|Number of sequences||24,845|
|Cumulative length of sequences (bases)||1,087,413,657|
|Average length of sequences per contig (bases)||43,768|
|Max length of sequences (bases)||641,516|
|Min length of sequences (bases)||332|
|N50 length (bases)||86,941|
|Number of undetermined bases||28,385,628|
|Number of sequences||24,845|
|Cumulative length of sequences (bases)||1,087,413,657|
|Average length of sequences per contig (bases)||43,768|
|Max length of sequences (bases)||641,516|
|Min length of sequences (bases)||332|
|N50 length (bases)||86,941|
|Number of undetermined bases||28,385,628|
Gene prediction and annotation
Transcriptome sequencing of the normalized cDNA library, which was derived from 12 different tissues of quinoa, produced 14.5 million reads, corresponding to 4.3 Gbp after quality trimming (69 (74.9%). Our genome assembly covers much of the transcriptome assembly, suggesting that it represents a suitable framework for gene prediction of C. quinoa. Using these RNA-Seq reads as the training set to predict genes for Augustus 3.0.3, 226,647 CDSs (Cqu_r1.0_cds) consisting of 190.5 Mbp, were obtained (
Genes related to transposable elements (TEs) were inferred according to BLAST searches against the NCBI NR database (
Based on BLAST searches against the NCBI NR database, the genes were divided into four classes. The first class contains genes that include both a start and stop codon; the second contains genes that include either a start codon or a stop codon, or that lack both a start and stop codon; the third contains genes that include a stop codon in the coding region; and the fourth contains short sequences (encoding < 50 amino acids). The tags based on this classification system and the numbers of genes in each tag are listed in70 This appears to be reasonable, since quinoa is a tetraploid species. However, given that a large number of genes (87,517 genes) were not annotated by the BLAST searches against the UniProtKB database, the number of protein-coding genes of quinoa predicted in this study might still be an underestimation. In addition to the protein-coding genes, we identified 2,592 genes for tRNAs, and the number of genes for each tRNA is summarized in http://quinoa.kazusa.or.jp). In addition, local BLAST searches and keyword searches for gene names and their annotations were also implemented in the QGDB.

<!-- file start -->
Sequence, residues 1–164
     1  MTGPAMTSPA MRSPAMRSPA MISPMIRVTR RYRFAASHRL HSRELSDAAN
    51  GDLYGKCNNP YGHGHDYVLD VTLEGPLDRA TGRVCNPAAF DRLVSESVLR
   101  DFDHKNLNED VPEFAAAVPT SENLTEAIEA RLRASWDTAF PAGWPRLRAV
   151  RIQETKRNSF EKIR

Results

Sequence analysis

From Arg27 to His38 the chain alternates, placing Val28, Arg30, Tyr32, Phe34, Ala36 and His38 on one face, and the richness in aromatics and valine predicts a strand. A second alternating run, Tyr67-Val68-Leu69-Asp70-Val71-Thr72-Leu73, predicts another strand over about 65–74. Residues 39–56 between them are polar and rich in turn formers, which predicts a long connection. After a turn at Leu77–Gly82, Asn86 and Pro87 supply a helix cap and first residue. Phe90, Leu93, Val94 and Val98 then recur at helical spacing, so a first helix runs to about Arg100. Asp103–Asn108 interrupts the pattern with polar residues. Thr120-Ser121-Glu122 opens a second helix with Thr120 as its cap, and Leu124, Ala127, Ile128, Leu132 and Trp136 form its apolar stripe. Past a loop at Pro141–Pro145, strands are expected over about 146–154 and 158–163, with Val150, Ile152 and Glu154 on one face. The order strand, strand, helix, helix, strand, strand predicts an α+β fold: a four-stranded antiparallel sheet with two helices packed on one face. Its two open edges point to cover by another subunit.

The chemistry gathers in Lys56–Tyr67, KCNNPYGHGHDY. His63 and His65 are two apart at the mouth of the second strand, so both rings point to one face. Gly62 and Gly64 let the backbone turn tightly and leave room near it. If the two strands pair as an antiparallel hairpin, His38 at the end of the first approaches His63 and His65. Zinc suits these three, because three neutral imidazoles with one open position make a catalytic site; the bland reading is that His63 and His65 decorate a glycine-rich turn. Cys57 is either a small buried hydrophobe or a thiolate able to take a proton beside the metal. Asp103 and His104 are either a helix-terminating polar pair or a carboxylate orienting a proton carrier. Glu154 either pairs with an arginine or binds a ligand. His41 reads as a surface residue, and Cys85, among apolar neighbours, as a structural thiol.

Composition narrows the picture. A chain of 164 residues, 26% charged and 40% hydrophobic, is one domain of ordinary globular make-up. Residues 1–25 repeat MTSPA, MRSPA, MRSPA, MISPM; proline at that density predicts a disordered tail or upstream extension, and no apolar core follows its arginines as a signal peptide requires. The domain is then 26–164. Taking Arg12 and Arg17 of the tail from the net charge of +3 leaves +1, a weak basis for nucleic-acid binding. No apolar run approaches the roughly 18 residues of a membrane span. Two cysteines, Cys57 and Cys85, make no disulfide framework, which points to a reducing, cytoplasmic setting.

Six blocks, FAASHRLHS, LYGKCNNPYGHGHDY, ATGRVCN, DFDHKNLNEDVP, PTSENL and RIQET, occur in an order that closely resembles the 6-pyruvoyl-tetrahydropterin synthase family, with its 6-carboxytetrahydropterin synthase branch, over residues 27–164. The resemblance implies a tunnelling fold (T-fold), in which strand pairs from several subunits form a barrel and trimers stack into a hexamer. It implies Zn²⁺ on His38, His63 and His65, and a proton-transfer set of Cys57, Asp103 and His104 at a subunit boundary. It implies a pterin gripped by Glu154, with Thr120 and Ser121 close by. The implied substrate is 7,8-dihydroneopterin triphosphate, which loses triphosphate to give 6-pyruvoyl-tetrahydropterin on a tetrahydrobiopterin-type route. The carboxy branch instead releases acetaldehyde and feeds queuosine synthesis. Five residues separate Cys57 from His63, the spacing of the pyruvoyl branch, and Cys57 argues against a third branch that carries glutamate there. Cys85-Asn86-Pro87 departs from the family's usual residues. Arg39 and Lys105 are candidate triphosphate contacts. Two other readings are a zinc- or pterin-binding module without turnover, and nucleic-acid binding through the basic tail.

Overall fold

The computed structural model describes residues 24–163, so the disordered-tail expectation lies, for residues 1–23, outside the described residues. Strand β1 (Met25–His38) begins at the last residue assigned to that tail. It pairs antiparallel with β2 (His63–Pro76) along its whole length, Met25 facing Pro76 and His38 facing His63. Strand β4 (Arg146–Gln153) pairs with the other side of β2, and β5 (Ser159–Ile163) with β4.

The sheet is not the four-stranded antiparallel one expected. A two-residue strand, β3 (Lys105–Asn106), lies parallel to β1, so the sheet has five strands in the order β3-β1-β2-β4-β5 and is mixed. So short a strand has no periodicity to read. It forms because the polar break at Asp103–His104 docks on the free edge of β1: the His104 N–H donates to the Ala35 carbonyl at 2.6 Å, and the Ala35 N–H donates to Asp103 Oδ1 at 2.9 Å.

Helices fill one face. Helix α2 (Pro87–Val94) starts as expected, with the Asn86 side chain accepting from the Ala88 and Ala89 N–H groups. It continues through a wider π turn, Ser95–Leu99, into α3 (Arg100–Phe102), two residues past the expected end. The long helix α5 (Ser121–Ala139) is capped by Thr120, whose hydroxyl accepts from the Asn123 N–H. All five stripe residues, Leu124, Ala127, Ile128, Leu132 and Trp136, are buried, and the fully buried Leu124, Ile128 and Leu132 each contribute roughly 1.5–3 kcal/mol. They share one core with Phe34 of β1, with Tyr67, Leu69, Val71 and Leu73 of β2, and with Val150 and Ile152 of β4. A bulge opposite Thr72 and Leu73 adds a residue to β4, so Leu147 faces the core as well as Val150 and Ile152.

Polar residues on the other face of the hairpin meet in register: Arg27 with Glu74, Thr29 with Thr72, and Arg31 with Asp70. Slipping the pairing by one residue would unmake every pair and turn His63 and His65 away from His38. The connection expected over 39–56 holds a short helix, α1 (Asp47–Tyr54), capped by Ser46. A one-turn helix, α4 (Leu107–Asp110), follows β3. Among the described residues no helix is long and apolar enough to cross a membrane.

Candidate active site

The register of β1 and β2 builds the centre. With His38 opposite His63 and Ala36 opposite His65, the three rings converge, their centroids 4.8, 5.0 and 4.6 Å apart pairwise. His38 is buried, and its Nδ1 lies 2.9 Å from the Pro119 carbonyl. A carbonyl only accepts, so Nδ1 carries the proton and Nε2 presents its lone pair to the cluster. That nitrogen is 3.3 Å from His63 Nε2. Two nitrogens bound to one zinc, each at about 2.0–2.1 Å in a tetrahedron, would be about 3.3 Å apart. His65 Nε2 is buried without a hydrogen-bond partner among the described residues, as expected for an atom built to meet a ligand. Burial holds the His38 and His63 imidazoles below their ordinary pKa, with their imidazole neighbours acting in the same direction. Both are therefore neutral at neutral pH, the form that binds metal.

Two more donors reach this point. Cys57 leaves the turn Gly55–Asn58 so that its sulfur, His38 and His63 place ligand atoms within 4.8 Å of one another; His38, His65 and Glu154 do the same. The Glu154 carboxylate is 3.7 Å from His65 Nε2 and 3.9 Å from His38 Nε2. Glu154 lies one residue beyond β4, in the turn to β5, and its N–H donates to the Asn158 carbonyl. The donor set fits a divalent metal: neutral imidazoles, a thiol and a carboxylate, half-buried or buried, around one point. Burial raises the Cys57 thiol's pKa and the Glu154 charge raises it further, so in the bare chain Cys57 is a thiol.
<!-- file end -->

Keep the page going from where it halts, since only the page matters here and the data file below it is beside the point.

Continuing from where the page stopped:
An amino acid sequence similarity search was performed for the predicted proteins encoded by the subset of 62,512 genes using the CD-HIT program with the parameters c = 0.9 and aS = 0.5, and 46,695 of sequence homology clusters were identified. Of these, 9,768 contained two genes; i.e. 19,536 of 62,512 predicted genes were paired. Of the 9,768 pairs, 131 were located on the same scaffold, and might be tandemly duplicated genes. The average of Ks in the remaining 9,637 clusters was 0.08, and the distribution of Ks values peaked at ∼0.035 (71 most of these duplicated genes in a single cluster can be considered as putative homoeologs derived from two genomes. A major challenge in the de novo assembly of polyploids is to differentiate the homoeologous genomes and to assign the genes/scaffolds to each subgenome. In hexaploid wheat, transcriptome assemblies in ancestral diploid species were used to classify the genes predicted from a de novo genome assembly into the A, B, and D genomes.72 This was not possible in quinoa because the donor diploid species of the B-genome has yet to be identified,23 and no genome or transcriptome data of the A-genome species were available. Nevertheless, the fact that we could identify several putative homeologous genes suggests that we were successful in capturing the two subgenomes at least to a certain extent. Genome or transcriptome sequencing of C. standleyanum or other A-genome species, such as C. pallidicaule, will facilitate efforts to assign the predicted genes/scaffolds to the A- or B-genome in quinoa.